Extinction Rebellion (XR) was vindicated in the High Court on Wednesday as judges ruled that a police order banning its International Rebellion was unlawful.
The rebellion saw thousands of rebels stage occupations, road blocks and other actions for two weeks in October across London. It was part of a global International Rebellion demanding more action to tackle climate change.
The judicial review examined the Metropolitan Police’s use of Section 14 of the Public Order Act to ban public assemblies throughout London during the rebellion. Hundreds of rebels were arrested under this power. They could sue the Met for wrongful imprisonment.
Police used Section 14 to try and stop occupations in Westminster. Their ban meant a gathering of two or more XR activists counted as an “assembly” and was in contravention of the order.
They initially used Section 14 to restrict protest to Trafalgar Square, but later moved to clear the area after “continued breaches” of the order.
Lord Justice Dingemans and Justice Chamberlain said the police action was unlawful because there “is no power to prohibit rather than merely impose conditions of gatherings that have not yet begun”.
Tobias Garnett, a human right lawyer in XR’s legal strategy team, said the group was “delighted with the court’s decision”.
“It vindicates our belief that the police’s blanket ban on our protests was an unprecedented and unlawful infringement on the right to protest,” he said.
The ban was met with widespread condemnation. Activists assembled in huge numbers despite the ban and a heavy-handed police presence.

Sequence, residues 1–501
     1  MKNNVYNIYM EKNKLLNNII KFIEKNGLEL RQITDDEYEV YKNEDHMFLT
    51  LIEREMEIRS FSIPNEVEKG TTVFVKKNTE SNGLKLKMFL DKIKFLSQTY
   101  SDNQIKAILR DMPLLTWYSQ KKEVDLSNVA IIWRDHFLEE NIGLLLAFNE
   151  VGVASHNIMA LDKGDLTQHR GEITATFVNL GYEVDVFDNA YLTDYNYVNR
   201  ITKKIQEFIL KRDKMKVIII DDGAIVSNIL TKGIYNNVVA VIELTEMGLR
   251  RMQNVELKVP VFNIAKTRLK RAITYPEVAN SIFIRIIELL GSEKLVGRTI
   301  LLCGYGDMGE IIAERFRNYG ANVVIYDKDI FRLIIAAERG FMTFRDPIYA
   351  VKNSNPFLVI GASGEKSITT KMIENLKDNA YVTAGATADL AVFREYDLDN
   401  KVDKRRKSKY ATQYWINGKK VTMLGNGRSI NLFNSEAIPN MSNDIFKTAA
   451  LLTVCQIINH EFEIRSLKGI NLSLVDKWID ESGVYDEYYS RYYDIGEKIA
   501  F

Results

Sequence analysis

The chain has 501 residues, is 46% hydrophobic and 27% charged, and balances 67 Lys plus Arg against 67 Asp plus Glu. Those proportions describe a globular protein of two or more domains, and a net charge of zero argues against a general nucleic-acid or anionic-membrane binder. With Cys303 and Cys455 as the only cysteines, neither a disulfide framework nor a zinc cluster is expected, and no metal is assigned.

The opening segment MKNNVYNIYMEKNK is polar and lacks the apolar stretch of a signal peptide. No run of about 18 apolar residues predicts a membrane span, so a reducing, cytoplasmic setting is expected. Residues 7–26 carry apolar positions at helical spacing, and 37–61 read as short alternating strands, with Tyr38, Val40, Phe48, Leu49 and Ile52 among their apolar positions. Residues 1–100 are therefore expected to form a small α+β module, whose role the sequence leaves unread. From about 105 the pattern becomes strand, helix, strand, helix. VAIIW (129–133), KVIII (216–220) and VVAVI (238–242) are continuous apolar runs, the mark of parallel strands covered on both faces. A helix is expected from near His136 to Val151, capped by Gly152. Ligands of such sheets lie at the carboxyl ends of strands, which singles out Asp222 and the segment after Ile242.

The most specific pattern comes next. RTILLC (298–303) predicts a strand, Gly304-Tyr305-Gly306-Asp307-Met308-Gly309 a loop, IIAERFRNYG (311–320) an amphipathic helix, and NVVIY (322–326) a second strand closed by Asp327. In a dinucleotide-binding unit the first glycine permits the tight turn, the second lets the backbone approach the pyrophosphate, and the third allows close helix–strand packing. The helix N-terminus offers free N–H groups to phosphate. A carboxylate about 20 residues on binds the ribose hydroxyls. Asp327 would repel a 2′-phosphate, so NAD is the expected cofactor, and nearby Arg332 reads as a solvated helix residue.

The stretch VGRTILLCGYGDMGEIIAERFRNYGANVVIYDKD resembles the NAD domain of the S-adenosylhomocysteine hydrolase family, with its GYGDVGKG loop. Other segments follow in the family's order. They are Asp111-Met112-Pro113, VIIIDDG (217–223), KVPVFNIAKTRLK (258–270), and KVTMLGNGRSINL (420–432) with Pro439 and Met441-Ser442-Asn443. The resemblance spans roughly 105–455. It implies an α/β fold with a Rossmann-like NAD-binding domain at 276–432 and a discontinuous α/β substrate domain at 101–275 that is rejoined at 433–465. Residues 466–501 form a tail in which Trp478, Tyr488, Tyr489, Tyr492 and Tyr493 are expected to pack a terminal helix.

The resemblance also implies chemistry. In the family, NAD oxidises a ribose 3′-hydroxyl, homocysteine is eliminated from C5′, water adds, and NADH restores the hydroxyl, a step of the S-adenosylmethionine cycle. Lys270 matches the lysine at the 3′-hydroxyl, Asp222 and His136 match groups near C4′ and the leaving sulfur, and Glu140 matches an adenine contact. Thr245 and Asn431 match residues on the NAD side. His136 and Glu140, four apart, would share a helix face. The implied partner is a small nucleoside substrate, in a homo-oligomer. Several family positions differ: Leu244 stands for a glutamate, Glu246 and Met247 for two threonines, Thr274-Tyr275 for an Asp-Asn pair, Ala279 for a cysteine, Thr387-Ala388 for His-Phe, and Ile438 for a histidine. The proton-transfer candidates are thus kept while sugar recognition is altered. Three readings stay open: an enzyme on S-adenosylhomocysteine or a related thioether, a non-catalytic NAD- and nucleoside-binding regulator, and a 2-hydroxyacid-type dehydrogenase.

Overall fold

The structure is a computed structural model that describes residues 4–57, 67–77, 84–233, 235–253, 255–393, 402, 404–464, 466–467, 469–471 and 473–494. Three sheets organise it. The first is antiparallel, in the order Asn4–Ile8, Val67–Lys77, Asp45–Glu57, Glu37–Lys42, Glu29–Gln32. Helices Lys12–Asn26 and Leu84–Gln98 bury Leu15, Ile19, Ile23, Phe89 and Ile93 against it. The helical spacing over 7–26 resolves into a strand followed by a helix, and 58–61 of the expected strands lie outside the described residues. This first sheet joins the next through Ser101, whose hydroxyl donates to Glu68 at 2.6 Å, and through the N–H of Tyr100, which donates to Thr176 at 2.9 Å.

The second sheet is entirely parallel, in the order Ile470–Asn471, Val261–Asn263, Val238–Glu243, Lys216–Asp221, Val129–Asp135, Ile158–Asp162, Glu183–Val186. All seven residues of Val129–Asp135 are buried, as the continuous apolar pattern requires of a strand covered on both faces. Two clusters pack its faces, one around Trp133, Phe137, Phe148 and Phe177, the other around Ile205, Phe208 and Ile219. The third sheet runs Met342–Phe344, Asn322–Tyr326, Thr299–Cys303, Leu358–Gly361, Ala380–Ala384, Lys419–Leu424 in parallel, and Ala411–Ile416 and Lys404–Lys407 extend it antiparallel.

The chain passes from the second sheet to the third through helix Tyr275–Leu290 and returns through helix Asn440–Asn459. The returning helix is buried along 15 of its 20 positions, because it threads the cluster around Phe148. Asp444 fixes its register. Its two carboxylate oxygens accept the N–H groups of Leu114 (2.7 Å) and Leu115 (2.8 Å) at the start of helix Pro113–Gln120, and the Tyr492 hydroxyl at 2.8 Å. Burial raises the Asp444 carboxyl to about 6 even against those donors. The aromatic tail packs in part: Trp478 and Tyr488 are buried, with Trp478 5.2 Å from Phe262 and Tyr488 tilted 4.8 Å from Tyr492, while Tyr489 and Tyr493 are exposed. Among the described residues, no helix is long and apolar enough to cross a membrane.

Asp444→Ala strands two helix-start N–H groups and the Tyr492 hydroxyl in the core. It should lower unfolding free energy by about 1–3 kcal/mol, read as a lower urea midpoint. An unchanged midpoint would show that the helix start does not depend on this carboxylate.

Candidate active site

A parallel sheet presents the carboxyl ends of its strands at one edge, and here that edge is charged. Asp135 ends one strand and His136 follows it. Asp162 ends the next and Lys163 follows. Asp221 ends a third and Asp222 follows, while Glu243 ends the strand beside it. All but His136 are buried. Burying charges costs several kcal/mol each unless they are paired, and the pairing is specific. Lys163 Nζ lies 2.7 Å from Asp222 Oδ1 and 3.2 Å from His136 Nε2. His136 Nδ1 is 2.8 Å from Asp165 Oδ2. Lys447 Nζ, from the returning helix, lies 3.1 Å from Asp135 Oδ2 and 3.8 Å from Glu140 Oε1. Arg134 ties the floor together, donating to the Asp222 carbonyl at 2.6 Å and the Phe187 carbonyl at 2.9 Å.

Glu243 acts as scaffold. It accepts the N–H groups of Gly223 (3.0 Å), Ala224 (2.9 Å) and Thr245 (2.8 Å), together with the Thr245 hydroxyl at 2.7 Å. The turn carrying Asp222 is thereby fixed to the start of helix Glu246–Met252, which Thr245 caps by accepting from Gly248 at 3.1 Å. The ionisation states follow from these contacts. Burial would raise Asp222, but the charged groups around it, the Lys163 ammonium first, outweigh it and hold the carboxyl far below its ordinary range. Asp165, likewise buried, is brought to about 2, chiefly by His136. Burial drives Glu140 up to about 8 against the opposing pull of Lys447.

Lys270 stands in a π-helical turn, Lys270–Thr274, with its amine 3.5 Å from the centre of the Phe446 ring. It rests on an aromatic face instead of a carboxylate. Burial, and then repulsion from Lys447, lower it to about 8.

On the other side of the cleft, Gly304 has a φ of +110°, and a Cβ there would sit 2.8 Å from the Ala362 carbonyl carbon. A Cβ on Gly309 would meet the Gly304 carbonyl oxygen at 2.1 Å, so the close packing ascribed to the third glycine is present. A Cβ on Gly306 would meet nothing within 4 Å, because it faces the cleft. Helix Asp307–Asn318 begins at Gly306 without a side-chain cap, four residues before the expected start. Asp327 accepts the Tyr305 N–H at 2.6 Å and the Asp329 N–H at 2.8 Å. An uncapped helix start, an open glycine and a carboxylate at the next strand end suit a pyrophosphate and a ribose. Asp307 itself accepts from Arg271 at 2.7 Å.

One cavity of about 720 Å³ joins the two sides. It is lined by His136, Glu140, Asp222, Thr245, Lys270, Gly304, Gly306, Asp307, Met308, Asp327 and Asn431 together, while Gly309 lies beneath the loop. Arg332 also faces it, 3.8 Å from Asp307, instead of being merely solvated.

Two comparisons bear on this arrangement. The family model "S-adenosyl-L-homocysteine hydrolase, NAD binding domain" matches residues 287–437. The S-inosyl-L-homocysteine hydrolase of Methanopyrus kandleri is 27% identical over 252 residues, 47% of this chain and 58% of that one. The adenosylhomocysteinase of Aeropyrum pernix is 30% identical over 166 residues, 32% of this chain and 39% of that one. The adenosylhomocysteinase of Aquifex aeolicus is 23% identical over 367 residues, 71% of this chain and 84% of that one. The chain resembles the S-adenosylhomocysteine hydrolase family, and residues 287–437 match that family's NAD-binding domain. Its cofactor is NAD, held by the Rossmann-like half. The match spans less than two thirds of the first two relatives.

Just two days after it was issued, thousands of people gathered in Trafalgar Square in a fantastic show of defiance.
Author George Monbiot was one of those arrested under the Section 14 order. He called the court judgement “a vindication of those who have sought to defend to peaceful assembly”.
Monbiot said the police had behaved in a “clearly ridiculous” manner, and “the judgment in our favour shows that the police clearly overstepped the mark”.
Heavy-handed policing from the cops shows how the state can react when ordinary people organise resistance.
It tries to curtail, limit and ultimately crush revolt. And it will use intimidation, application of laws or make up its own rules to do this.
Climate change is already having horrendous effects. The Indonesian capital city Jakarta is sinking because of rising sea levels and pollution. Some 30 million people live there.
Over a dozen wildfires swept through California in the US last week, in some areas destroying hundreds of homes.
Report after report warns that if serious action isn’t taken, the situation will get worse. Business as usual will mean more extreme weather events, threats to food crops, displacement of populations and animal extinctions.
Extinction Rebellion activists are right to demand radical action – and to defy attempts to block resistance. Everyone should join the climate movement.